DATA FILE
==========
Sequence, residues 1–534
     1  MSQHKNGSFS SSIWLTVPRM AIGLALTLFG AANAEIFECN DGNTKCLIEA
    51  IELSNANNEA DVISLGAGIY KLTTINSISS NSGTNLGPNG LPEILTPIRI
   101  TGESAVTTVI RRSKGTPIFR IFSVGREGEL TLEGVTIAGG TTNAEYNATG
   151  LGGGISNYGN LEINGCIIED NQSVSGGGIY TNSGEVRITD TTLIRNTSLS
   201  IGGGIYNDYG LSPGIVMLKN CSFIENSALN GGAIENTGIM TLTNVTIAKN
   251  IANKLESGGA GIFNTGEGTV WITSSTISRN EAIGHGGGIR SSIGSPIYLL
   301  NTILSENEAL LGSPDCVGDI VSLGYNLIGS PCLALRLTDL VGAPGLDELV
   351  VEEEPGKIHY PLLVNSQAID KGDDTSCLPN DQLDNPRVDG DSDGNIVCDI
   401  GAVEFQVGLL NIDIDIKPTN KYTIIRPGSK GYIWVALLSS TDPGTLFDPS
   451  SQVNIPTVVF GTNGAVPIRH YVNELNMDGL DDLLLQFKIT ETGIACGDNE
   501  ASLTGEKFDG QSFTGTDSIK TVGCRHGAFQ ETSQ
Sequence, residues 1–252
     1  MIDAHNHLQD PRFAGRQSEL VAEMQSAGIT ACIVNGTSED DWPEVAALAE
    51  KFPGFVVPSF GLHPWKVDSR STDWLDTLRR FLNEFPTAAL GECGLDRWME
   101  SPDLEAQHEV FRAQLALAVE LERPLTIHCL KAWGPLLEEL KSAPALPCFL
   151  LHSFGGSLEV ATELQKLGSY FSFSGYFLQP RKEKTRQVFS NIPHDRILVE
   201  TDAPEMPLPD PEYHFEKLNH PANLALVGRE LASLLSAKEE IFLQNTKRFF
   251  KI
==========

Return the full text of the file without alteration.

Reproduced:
Sequence, residues 1–534
     1  MSQHKNGSFS SSIWLTVPRM AIGLALTLFG AANAEIFECN DGNTKCLIEA
    51  IELSNANNEA DVISLGAGIY KLTTINSISS NSGTNLGPNG LPEILTPIRI
   101  TGESAVTTVI RRSKGTPIFR IFSVGREGEL TLEGVTIAGG TTNAEYNATG
   151  LGGGISNYGN LEINGCIIED NQSVSGGGIY TNSGEVRITD TTLIRNTSLS
   201  IGGGIYNDYG LSPGIVMLKN CSFIENSALN GGAIENTGIM TLTNVTIAKN
   251  IANKLESGGA GIFNTGEGTV WITSSTISRN EAIGHGGGIR SSIGSPIYLL
   301  NTILSENEAL LGSPDCVGDI VSLGYNLIGS PCLALRLTDL VGAPGLDELV
   351  VEEEPGKIHY PLLVNSQAID KGDDTSCLPN DQLDNPRVDG DSDGNIVCDI
   401  GAVEFQVGLL NIDIDIKPTN KYTIIRPGSK GYIWVALLSS TDPGTLFDPS
   451  SQVNIPTVVF GTNGAVPIRH YVNELNMDGL DDLLLQFKIT ETGIACGDNE
   501  ASLTGEKFDG QSFTGTDSIK TVGCRHGAFQ ETSQ
Sequence, residues 1–252
     1  MIDAHNHLQD PRFAGRQSEL VAEMQSAGIT ACIVNGTSED DWPEVAALAE
    51  KFPGFVVPSF GLHPWKVDSR STDWLDTLRR FLNEFPTAAL GECGLDRWME
   101  SPDLEAQHEV FRAQLALAVE LERPLTIHCL KAWGPLLEEL KSAPALPCFL
   151  LHSFGGSLEV ATELQKLGSY FSFSGYFLQP RKEKTRQVFS NIPHDRILVE
   201  TDAPEMPLPD PEYHFEKLNH PANLALVGRE LASLLSAKEE IFLQNTKRFF
   251  KI